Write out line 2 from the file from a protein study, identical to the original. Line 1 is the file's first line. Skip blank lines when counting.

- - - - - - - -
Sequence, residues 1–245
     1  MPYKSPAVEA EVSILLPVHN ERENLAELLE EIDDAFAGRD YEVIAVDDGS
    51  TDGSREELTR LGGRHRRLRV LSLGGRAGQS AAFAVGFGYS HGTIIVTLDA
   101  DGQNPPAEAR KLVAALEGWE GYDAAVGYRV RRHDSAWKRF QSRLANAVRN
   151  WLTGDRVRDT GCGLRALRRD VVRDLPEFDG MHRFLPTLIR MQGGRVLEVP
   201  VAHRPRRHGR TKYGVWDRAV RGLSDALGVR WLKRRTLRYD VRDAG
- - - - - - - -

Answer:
     1  MPYKSPAVEA EVSILLPVHN ERENLAELLE EIDDAFAGRD YEVIAVDDGS